Killing the electric car… again

Whenever there is a new thing, people want to prepare for it, beat out others and make some money. Sometimes, the reality is dwarfed by the hype. But even then, the crafty may make money from government grants, if not the fad itself.


The advent of plug-in cars, or “EVs,” has been hyped-up beyond the fad level. There now may be 3,000 plug-in cars out of our national fleet of 300,000,000 oil-fired cars. Even under the most optimistic assumptions, those worrying about the “horde of EVs” bringing the electric grid to its knees are really, as Tesla’s Elon Musk recently opined, worrying about pastures for unicorns—before there are any unicorns.

The last time plug-ins were produced, a Northern California company called EVI reputedly made more money from grants than from the EV chargers themselves, which, in effect, disconnected the EV fleet from plugging-in to wall outlets. And it’s not even a charger. It’s really just a costbased electric dispenser.

Every plug-in car has its charger already on-board. So-called EV chargers are unnecessary relays that ensure that an EV handshakes with them. EVs can be plugged into a wall socket, either 120V or 240V, and the work of charging is done by the on-board inverter and battery management system.

Now again, we have companies competing for grant money to install pay-for-charge units, which release electric energy to the EV for a price.

The problem is that there is no business model for this function that makes economic sense—or enough revenue to make it investment-attractive. Mostly, such companies are after government grants.

Electric cars are very efficient: the average drive of 30 miles takes at most 8 kilowatt hours (“kWh,” that thing on your electric bill that costs about 12 cents). So to fill up the EV for the average drive takes about $1 of electric energy.

The cost profile of an EV, like an electric forklift, is higher up-front cost, but maintenance and fuel costs are much lower. The advantage of an EV is lost if electric fuel becomes too expensive. Most EV drivers install rooftop solar electric systems so that they can drive on energy they make themselves and the savings from not buying gasoline pays for the solar system.

Similarly, the charging profile of an EV differs from oil-fired cars: EVs charge during the hours they are sitting, unused, while oilfired cars refuel episodically, and then sit waiting, full, unused.

Electric cars refuel slowly, off-peak, usually at night, at the driver’s home. Charging typically takes more than an hour. During the daily grind, the EV can charge opportunistically.

Neither all-night, nor opportunistic charging, offers an opportunity to provide a service-for-pay.

Apartment/condo cost-based charging

The cost of the EV parking space, approximately $10,000, dwarfs the $3,000 cost of the charging unit, not to mention the cost of installing and monitoring.

Secondly, experience proves that the expensive relays, unlike regular plugs, often fail. Maintenance is a big cost item.

If the average drive requires 8 kWh, after the EV fills up, it still occupies the dedicated EV-charging parking space. So, the most that can be dispensed for each day under the apartment-dweller model is $1 of electric. Why wouldn’t the apartment dweller just plug-in the on-board charger to a normal electric outlet at a cost of $1? That’s what most EV drivers do, and some condo owners have installed dedicated circuits on their parking spaces at their own cost.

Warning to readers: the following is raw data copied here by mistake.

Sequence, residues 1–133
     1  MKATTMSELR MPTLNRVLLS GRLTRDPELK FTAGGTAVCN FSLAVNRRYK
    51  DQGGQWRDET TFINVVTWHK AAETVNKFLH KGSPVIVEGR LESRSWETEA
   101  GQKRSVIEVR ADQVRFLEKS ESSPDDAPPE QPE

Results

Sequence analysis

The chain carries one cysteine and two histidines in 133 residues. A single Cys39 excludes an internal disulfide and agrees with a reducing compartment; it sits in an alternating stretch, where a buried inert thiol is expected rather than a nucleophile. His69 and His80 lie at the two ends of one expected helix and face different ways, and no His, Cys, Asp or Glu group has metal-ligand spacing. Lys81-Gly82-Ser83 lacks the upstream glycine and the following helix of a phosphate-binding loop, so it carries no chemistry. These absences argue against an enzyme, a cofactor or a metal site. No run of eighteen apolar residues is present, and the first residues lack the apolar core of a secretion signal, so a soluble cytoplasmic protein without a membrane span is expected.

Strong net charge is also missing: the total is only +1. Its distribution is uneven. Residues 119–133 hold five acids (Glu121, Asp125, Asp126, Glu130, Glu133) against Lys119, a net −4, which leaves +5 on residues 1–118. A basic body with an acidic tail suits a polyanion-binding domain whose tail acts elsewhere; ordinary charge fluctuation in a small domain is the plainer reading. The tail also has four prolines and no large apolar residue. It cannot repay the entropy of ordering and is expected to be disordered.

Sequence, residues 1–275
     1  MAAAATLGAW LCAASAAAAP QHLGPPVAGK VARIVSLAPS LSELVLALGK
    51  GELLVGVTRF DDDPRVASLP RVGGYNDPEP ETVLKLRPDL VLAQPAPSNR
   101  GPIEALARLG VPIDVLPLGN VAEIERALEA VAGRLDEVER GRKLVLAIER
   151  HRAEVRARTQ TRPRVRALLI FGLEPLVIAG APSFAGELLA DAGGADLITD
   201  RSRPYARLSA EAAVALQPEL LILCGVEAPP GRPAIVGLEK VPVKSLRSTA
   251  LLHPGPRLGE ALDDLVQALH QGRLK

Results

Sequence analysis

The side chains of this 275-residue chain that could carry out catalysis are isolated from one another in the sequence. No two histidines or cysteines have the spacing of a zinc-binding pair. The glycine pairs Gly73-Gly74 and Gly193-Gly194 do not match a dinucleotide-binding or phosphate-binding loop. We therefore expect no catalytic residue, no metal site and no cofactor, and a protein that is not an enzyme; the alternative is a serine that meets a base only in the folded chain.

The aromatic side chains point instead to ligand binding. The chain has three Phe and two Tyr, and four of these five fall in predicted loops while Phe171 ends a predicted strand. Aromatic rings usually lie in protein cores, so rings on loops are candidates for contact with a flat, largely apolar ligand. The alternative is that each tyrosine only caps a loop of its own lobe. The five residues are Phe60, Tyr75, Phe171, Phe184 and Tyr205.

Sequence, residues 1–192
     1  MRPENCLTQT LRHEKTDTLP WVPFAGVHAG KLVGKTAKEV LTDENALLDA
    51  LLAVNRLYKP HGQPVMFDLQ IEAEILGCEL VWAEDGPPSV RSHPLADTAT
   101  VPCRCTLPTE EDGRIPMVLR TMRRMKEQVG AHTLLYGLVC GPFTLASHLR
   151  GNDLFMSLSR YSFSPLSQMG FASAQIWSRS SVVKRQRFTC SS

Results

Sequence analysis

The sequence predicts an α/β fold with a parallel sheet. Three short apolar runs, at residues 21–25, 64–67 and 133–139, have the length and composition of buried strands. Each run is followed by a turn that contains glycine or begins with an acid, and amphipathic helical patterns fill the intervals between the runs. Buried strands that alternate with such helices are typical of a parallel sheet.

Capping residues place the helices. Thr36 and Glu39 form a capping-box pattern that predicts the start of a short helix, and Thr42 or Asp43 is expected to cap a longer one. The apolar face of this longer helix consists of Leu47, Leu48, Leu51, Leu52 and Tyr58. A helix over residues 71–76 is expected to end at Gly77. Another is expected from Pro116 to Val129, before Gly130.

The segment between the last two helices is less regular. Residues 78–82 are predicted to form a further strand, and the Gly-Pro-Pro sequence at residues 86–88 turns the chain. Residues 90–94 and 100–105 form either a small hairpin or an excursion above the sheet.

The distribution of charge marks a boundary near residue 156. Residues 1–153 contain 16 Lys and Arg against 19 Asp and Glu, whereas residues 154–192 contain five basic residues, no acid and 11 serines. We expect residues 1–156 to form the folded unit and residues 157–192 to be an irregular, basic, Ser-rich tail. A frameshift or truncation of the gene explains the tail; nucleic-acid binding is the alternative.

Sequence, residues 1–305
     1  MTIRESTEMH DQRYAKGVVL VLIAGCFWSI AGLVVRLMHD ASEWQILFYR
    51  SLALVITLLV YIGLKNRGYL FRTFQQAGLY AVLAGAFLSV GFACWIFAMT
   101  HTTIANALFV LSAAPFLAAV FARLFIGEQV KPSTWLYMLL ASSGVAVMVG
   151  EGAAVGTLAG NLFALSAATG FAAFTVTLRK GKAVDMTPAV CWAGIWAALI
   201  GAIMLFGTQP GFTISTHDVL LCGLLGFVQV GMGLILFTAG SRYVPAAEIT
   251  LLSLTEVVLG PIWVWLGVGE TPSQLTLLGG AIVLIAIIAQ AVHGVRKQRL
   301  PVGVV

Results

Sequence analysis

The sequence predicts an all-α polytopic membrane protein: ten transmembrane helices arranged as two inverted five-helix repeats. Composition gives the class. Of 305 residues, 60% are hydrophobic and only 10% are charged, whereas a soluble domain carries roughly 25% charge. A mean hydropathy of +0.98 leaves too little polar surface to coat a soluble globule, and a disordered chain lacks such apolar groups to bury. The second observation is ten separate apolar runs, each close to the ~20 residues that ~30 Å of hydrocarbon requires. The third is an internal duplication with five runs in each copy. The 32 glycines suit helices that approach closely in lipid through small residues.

If the driver is billed, as one such company proposes, $150 per month, that would be $5 per day, or about five times the cost of electric—not counting the cost of the dedicated parking space. That $150/month would put fueling of the EV on a par with refueling at a gas station; moreover, there is not enough of a margin to support the company providing the cost-based dispensers, even if all 3,000 EVs in the country were using the system.

Opportunity charging

Current opportunity chargers, for example at Costco or airports, are made available at no charge, for the very cogent reason that the amount of electric used is not worth billing. In one typical shopping trip to Costco where the EV driver spent $150 on goods, the EV received .5 kWh—about six cents worth of electric energy. Costco, and other providers like Walmart, LAX and various cities decided there was no revenue stream from charging for electric energy during “opportunity” or transitory charging.

One study purports that if there were meters on the charging stations at places like Costco and Walmart, EV drivers would not use them because they are not in the store long enough to achieve a significant charge.

Experience, thus informs us, that there isn’t a business here. The struggling, nascent EV fleet needs all the help it can get, including more charging spots, standardized chargers, and easy access to the electric grid for all levels of charging, as recreational vehicles are allowed.

The pay-for-electric idea is just one more parasitical impediment to plug-in cars.

Even worse, as noted by Marc Geller, cofounder and member of the board of directors of the San Francisco chapter of the Electric Auto Association, the city of San Francisco used grant money to convert free legacy outlets to for-profit Coulomb units, actually decreasing the number of available charge spots, and using government money to put one more barrier in the path of plugin EVs.

Author: Doug Korthof